Mathematics and Education

A slow blog

Interpreting Standards from Other Nations: Considerations of National Context

leave a comment »

Over the past decade, comparisons of U.S. standards for mathematics have been made with “standards” from other countries, e.g., national curriculum standards, syllabuses, or courses of study. Some of these comparisons overlook important details, resulting in conclusions whose accuracy could be improved considerably without much additional effort. This post gives a brief overview of two differences in national context that affect interpretation of documents from other countries, in particular, China, Hong Kong, Japan, Korea, Singapore, and Taiwan. (Further details are in an appendix at the end of this post.) The two posts that follow (here and here) discuss comparisons that have been made by (respectively) the mathematicians James Milgram and Jonathan Goodman.

My background. My Ph.D. is in mathematics, but I have spent considerable time with education researchers and have published some articles in education research. (More information is here.) I’ve been interested in East Asian mathematics education for a long time, and have followed related research, beginning with the work of Stevenson and Stigler in the 1980s which was summarized in The Learning Gap. I’ve worked (off and on) with Liping Ma since 1996. (Ma began her career as an elementary teacher in China, and subsequently studied elementary teachers’ knowledge of mathematics in China and the U.S. Two articles that discuss the impact of her book Knowing and Teaching Elementary Mathematics are here (short, no pay wall) and here (long, free abstract).) I also have a long-time interest in the Japanese practice of lesson study together with the national mathematics curriculum that supports it, and have consulted for related projects in the U.S. As a result, I have had unusual opportunities to discuss details of Chinese and Japanese mathematics education with experts for almost two decades and contact with people familiar with mathematics education in Hong Kong, Korea, and Singapore, even though I’ve spent little time in Asian countries. I’m also very familiar with the Common Core State Standards and am the editor for the Progressions for the CCSS. 

Differences in Testing

The standards documents listed in the table are posted at Mathematics Standards in APEC Economies. The page lengths shown in the table illustrate one easily measured difference in these documents, which also vary in writing style and type of objectives. As indicated by the titles, all but the CCSS have curriculum as a major focus, describing what is taught at each grade. In contrast, the CCSS focus on what students know and are able to do at each grade. To summarize, the CCSS are performance standards, but the documents from other countries are curriculum standards that sometimes include performance standards.

This difference is associated with the differences in the frequency of high-stakes testing shown in the rightmost column. The United States tests students far more often. Although frequent testing may seem to have begun with the No Child Left Behind Act of 2001, it grew from a long tradition of using standardized tests for monitoring the educational system and measuring student progress  (OTA, 1992, chap. 4).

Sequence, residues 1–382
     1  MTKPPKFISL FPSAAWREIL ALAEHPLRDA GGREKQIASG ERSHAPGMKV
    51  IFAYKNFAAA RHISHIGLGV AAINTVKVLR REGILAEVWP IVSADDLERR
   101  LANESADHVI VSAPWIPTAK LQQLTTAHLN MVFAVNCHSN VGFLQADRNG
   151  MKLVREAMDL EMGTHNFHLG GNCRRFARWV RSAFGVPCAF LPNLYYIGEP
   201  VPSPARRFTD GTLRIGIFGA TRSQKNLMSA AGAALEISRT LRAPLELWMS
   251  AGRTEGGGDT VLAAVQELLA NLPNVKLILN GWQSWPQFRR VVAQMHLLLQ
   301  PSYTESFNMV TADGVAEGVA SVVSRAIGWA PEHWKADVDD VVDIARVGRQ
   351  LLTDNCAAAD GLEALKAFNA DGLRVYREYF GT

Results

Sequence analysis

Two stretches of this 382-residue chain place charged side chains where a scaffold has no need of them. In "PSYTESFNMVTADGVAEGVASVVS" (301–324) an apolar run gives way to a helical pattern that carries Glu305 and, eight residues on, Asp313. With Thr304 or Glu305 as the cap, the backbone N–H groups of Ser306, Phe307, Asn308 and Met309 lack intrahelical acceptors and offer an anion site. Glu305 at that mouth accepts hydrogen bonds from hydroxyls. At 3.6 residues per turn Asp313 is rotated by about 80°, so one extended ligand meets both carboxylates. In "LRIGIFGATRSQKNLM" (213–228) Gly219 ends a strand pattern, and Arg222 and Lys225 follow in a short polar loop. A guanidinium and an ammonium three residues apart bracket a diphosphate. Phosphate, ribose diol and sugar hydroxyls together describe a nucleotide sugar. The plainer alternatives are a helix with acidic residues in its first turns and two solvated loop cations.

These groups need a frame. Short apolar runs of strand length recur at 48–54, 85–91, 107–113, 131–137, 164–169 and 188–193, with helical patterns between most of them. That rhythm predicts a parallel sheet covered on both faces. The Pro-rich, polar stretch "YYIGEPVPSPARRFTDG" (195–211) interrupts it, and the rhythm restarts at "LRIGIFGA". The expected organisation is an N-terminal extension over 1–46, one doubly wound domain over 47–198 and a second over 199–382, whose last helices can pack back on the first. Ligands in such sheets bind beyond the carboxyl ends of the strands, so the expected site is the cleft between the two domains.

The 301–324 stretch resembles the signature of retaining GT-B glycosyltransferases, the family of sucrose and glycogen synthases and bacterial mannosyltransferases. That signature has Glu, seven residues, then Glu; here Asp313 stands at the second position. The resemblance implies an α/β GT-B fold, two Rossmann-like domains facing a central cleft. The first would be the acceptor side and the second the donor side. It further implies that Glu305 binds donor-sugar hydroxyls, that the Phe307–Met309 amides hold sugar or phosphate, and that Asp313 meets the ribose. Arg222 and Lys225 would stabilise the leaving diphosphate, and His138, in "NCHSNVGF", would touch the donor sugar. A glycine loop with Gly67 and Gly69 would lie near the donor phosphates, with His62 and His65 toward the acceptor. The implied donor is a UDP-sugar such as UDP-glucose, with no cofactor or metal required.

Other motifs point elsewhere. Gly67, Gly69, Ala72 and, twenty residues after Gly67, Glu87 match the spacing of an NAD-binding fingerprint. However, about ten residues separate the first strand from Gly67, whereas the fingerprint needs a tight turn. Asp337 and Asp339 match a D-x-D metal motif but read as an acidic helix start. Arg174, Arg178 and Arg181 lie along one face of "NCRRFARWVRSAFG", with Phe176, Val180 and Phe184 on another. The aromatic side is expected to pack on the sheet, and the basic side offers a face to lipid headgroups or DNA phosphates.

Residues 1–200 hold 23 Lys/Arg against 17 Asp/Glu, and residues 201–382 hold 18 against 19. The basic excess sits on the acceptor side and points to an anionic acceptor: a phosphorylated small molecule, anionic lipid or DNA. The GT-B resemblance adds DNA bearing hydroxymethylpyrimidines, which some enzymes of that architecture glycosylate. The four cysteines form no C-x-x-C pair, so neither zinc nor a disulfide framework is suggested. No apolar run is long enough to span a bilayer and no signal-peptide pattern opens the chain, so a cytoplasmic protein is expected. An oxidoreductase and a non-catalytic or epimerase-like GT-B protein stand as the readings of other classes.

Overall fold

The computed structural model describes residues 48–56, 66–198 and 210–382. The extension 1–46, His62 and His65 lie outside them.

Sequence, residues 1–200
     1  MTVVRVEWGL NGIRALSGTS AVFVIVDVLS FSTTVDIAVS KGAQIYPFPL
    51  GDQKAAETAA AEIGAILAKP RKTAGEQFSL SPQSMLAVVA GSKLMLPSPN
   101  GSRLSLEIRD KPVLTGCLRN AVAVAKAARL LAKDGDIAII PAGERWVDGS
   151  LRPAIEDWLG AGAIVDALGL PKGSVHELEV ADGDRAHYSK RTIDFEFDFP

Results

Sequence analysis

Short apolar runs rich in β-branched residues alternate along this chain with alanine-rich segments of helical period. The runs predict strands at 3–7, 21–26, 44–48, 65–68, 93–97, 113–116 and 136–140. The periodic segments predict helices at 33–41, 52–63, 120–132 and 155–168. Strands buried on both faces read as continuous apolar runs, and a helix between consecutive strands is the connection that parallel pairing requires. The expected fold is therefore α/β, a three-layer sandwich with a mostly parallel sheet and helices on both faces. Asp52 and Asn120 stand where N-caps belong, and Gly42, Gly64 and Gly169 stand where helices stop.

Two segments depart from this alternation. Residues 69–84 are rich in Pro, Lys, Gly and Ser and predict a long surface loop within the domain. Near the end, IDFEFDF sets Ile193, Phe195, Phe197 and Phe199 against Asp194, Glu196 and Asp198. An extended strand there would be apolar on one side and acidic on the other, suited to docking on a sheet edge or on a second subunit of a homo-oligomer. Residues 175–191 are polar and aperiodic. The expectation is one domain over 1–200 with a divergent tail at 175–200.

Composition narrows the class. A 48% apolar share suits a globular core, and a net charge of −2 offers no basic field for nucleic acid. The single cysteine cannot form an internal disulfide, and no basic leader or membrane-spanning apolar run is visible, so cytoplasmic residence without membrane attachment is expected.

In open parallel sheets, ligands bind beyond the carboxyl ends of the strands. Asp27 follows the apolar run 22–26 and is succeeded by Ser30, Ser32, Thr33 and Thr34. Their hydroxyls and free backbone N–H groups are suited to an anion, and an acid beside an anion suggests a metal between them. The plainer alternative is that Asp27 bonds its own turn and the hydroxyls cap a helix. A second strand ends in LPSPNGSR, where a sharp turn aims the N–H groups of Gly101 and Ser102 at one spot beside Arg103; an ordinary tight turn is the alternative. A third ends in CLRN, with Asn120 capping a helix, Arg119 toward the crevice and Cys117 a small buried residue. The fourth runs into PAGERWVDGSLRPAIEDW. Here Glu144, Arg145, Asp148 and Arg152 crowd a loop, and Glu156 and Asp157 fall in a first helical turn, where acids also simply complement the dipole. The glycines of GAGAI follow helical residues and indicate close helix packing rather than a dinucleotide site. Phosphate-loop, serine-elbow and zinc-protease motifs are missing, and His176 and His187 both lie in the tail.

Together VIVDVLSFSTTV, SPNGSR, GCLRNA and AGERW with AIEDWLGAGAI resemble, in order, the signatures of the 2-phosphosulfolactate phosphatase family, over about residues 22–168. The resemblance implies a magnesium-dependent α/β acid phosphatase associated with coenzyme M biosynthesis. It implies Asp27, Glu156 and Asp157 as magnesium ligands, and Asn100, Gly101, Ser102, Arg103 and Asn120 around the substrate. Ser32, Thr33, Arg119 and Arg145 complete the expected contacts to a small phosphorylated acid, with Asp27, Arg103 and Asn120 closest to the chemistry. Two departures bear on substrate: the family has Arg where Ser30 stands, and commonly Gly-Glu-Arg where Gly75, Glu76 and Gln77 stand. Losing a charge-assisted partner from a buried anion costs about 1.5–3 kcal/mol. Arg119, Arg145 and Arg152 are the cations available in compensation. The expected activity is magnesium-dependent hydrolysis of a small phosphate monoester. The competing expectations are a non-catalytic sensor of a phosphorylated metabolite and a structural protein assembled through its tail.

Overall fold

Country, date

Standards or guidelines document title

Page count

Pre-college high-stakes tests

China, 2001 Mathematics Curriculum Standards 
[grades 1–9] 


Grade 10 entrance
Hong Kong, 2000 Mathematics Curriculum Guide [grades 1–9]


Japan, 2008 Course of Study [grades 1–9]


Grade 9 entrance
Korea The National Curriculum: Mathematics 
[grades 1–10; grades 1–9 are compulsory]


Grade 9 entrance
Singapore, 2006 Mathematics Syllabus Primary [grades 1–6]Secondary Mathematics Syllabuses 
[O, N(A), or N(T) courses, grades 7–10; additional mathematics, grades 9–10]



Primary School Leaving ExamO or N level, grade 10
Taiwan [no date or title given, grades 1–9]


Senior high school entrance
United States, 2010 Common Core State Standards for Mathematics [grades K–12]


No Child Left Behind: grades 3–8, high school

Notes. University entrance exams are not included in this table. Although Singapore has published syllabuses in 2013, the 2006 syllabuses are listed here because they were used for comparisons in 2010.
* Hong Kong uses results from pre-secondary standardized attainment tests to allow school test results to be scaled and used in determining students’ choices of secondary schools. Currently, these tests are optional (Education Bureau, 2013 May).

To have scores be legally defensible, tests were (and are) subject to psychometric constraints such as validity and reliability. Testable goals common to groups of states or school districts were generally limited to basic skills (Feuer & Fulton, 1994, p. 38) as suggested by the names of commonly used tests, e.g., Iowa Test of Basic Skills.

In the NCLB era, this situation changed. States could no longer share tests because different state standards required different state tests. But, creating psychometrically acceptable test items is expensive. After the enactment of NCLB, one group of states—New Hampshire, Rhode Island, and Vermont—decreased their individual costs by forming the New England Common Assessment Program.

But many states did not form consortia, creating another problem: the test industry did not have the capacity to create all the different state tests, particularly given that portions of these tests were released after use. A symptom of this lack of capacity was poorly constructed items and mistakes in scoring. Another symptom was less publicized: tests that weren’t fully aligned with state standards and focused on low-level skills (Toch, 2006, p. 6).